A couple of days ago, I was using google as a calculator. You can do anything on google. I typed in 26 and the search engine supplied “26 weeks pregnant.” Immediately, I had a flashback to myself, a little over a year ago, as I looked up the stage of my pregnancy week by week … by week. I really did google every week of my pregnancy, and I often skipped ahead, marvelling at the inner and outer diagrams of my and my baby’s growing bodies. I was curious about the mystery growing inside of me – an actual person who would emerge and develop his own perspective on the world – but I was also nervous about my own transformation into a mother.
I read books (lots of books) to try to prepare myself for this momentous change. What I noticed right away was how very certain about their own messages (yet how contradictory!) these books were. Everyone agrees what a fetus looks like at 26 weeks gestation, but no one agrees on how to get a baby to sleep through the night. This certainty, while it might sell books, can be really demoralising for a newly-minted, bleary-eyed mother. So I sought out some specific narratives of pregnancy and parenting from friends and from a couple of blogs. I have found their variety of experience infinitely more reassuring than any published prescriptions for happy babies.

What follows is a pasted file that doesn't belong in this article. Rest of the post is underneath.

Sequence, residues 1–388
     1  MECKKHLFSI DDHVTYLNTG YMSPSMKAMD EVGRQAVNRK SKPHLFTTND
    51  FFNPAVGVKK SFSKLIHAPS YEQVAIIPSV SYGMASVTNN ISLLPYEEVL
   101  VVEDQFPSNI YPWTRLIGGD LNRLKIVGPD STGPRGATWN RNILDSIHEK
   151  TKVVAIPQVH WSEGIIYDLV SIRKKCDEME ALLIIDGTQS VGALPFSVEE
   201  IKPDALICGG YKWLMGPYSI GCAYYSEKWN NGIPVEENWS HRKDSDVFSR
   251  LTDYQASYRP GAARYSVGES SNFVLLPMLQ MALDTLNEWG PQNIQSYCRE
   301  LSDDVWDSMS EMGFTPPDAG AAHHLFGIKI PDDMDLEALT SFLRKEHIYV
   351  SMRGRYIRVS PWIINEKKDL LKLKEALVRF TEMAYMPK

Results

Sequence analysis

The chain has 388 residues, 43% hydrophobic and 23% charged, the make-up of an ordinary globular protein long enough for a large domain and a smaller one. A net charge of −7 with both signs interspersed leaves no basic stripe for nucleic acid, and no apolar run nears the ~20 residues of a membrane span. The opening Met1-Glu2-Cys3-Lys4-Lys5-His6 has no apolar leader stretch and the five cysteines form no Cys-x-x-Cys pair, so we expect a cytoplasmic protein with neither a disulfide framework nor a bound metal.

My son Owen is now (already!) 10 1/2 months old, and I have been feeling more and more like I have things to say about my experience of parenting (and about babies, who I actually gush over now). Not that I claim to know what I’m doing, because I still have all kinds of doubts and am really just muddling through, but because I want to share my ideas and hopefully, eventually, get feedback. Parenting can be a very lonely state full of self doubt, especially in our current social environments, where an ideal model often seems to involve a mother alone in the house with a baby. I think that the internet can actually function as a kind of community where we can share our ideas and feel a little less isolated. So I’m adding my thoughts to the fray, and if you’d like to read along, welcome.